• One oddity from the plan: It appears the Sunbury line (between the city and Sydenham) would go to ten minutes, but then back to twenty minutes when the Airport line opens. This seems a bit strange, and perhaps someone messed up the plan — or perhaps it’s because eventually the Melton line would be electrified and combined with Sunbury trains provide a 10 minute service between Sunshine and the City.
  • By the time it’s complete, most of the network would be running every ten minutes, so you’d be able to get around much of Melbourne quickly and easily, and without having to look at a timetable to avoid long waits, including when making connections off other services.

Unfortunately PTV has almost totally failed to promote the existing ten minute services (despite them and the government promoting many far less useful improvements to trains), but anecdotally at least patronage does seem to be increasing — it’s not unusual on Saturday mornings to see a few standees on Frankston line trains inbound, which in the past few years have doubled in frequency and length, thus quadrupling capacity.

The question is… when will the politicians grasp how beneficial high frequency trains are, and fund the PTV rollout plan — not just a line at a time, but for the whole network?

PTV rail map – latest draft

Since our last exciting episode, PTV have made a number of revisions to the draft rail map. Here’s the latest version:

PTV rail map concept design, October 2014 (cropped)
(Click to see it larger, and uncropped)

As I said back in April, I really like this new design, which better represents how the rail network operates.

Changes since that earlier draft that I can see include:

  • Sandringham line at an angle which better reflects geographic reality, rather than implying it runs into the middle of the bay!
  • Likewise some other line directions have been modified to reflect reality, for instance Warrnambool, Stony Point, Bairnsdale, Belgrave
  • The Showgrounds/Racecourse line has been lightened so it’s not stark black now
  • Most of the complicated dashed lines have been taken out, such as Alamein joining the main line at Camberwell, and the strange dual Glen Waverley markings on the old version
  • A triangle indicator representing the last stop in zone 2 — while zones will be much less important (in Melbourne at least) it’ll be helpful for Melbourne users (especially those on Passes) to easily see how far they can go without incurring a zone 3 or higher fare
  • Regional Rail Link is shown as a dotted line on the map… to become solid when it opens
  • The earlier one had an airport indicator at Southern Cross, which some people claimed was confusing. It’s goneski.

Some people have complained it doesn’t allow space for the Doncaster line. I reckon if that’s the worst problem, that’s not saying much — unfortunately neither side of politics is saying they’ll build it anytime soon… ditto Rowville. It does have space for two that are more likely to get up in the near future: Airport (Coalition), Mernda (Labor)… though the designers may have to do a bit of fiddling to get either rail tunnel scheme in.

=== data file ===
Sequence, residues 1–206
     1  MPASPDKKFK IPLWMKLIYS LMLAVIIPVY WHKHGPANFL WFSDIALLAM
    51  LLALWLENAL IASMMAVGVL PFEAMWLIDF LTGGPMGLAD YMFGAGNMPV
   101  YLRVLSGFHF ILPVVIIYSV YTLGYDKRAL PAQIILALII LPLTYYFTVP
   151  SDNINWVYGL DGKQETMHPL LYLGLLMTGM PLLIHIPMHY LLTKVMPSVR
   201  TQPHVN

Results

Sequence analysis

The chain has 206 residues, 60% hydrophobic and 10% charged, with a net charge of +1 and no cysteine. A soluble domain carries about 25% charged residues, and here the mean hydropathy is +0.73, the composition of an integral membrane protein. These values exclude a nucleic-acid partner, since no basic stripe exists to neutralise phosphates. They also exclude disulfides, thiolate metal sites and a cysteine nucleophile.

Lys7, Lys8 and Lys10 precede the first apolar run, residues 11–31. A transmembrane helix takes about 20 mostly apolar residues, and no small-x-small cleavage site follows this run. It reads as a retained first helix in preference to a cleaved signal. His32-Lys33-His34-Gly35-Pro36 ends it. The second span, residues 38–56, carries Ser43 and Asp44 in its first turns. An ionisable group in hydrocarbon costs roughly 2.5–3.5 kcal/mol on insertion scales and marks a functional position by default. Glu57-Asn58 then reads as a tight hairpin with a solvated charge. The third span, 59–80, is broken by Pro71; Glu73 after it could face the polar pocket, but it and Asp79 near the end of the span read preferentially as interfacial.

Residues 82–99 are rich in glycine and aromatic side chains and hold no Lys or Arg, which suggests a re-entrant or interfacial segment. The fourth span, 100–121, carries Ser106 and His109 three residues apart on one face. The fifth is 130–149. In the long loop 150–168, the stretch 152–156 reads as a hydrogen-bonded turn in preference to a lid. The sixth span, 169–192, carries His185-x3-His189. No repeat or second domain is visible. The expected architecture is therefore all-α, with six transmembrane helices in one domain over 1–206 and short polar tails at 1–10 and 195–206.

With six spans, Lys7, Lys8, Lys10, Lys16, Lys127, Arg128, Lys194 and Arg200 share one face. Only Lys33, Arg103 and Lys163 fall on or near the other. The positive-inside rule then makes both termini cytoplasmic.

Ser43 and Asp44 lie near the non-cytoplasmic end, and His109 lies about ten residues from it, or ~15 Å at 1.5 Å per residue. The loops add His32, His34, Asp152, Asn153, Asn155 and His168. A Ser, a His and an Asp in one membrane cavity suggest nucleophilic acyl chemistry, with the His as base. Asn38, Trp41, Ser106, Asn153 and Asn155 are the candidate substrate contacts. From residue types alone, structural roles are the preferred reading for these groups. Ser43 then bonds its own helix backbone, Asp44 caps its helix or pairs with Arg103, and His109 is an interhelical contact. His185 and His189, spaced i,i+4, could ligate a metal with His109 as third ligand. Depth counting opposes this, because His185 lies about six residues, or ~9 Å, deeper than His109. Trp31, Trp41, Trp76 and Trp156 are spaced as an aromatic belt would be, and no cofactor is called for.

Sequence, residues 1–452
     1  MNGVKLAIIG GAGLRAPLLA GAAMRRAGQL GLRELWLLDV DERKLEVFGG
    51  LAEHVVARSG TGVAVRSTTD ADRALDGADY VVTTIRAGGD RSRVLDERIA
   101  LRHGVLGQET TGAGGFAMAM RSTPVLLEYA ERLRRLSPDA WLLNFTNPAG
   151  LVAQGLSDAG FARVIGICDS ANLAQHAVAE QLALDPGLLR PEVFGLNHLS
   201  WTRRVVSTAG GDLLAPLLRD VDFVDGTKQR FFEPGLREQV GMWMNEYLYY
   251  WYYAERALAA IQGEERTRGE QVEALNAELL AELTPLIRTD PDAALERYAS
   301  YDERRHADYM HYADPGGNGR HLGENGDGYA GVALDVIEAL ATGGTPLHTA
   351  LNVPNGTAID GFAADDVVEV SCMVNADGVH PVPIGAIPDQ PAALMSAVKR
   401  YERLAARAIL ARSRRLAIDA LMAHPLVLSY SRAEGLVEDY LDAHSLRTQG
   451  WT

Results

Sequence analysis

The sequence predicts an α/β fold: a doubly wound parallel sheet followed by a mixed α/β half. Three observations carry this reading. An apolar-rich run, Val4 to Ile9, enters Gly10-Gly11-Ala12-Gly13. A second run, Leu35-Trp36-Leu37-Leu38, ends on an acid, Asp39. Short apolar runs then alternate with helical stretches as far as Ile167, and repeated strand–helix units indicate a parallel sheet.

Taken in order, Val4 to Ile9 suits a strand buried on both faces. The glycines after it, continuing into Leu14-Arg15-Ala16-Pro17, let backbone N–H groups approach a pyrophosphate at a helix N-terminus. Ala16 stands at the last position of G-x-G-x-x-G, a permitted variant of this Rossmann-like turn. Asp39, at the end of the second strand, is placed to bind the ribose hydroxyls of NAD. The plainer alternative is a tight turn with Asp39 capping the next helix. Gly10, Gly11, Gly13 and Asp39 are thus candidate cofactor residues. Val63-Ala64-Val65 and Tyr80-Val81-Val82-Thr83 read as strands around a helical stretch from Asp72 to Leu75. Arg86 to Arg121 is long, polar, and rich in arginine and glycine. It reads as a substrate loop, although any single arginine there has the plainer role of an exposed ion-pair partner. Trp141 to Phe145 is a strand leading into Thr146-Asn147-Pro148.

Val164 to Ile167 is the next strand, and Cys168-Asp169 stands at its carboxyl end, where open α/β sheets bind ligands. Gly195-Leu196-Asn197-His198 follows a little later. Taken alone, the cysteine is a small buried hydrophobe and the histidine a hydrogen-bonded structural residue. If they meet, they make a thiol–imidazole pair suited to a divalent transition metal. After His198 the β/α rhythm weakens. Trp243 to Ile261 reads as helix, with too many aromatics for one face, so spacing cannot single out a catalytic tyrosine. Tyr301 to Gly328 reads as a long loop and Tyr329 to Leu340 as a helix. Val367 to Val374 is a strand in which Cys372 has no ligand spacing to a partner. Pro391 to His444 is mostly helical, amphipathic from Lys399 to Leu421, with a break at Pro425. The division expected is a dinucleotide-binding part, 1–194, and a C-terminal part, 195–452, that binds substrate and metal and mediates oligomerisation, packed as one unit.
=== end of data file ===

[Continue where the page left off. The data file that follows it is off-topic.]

What do you think? Leave a comment here or on the PTUA’s Facebook page — they will be passed back to PTV.

(Yes, I’ll tell them Balaclava now needs to be marked in as Premium ahem a Customer Service Hub. And the asterisk can disappear from Flagstaff soon — hooray!)

Update

I should have posted this originally, but it slipped my mind… the text from an explanatory note (following up from the previous draft) provided by PTV:

Victorian Rail Network Map
Concept 2 – Explanatory Note

This document outlines some of the changes to the new train map that have been made as a result of public consultation and feedback. The new map is proposed to be introduced in 2015 when Regional Rail Link Stations at Wyndham Vale and Tarneit are opened. Feedback is sought on this revised version so further improvements can be made.

  • Feedback on the new map has generally been positive.
  • While the map is designed to be schematic, the direction of some lines has been altered
    to be more geographically accurate following customer feedback.
  • Feedback indicated that using a dotted line to indicate direct services from Glen Waverley to Flinders Street was confusing. In this version Glen Waverley has been given its own line colour. It is usual that Glen Waverley trains operate direct to Flinders Street, but generally return to Glen Waverley via the loop in the afternoons and on weekends. This information has been included in the key.
  • The dotted line at Camberwell to represent peak hour Alamein trains travelling to/from the city was viewed as being misleading and has been removed, replaced with a note in the key. This map will be primarily used by occasional users, and reflects that passengers traveling from the city to Alamein will normally need to change at Camberwell.
  • The new Regional Rail Link stations have been shown in this version.
  • New stations that will open later this year (Waurn Ponds and Epsom) are now shown
  • The special events line has been lightened to avoid giving the impression that it operates all the time.
  • The boundary of the metropolitan area (Zone 1+2) has been indicated by little triangles – so that passengers can see the boundary of the metropolitan fare (which will be a maximum of a Zone 1 fare from 1 January 2015).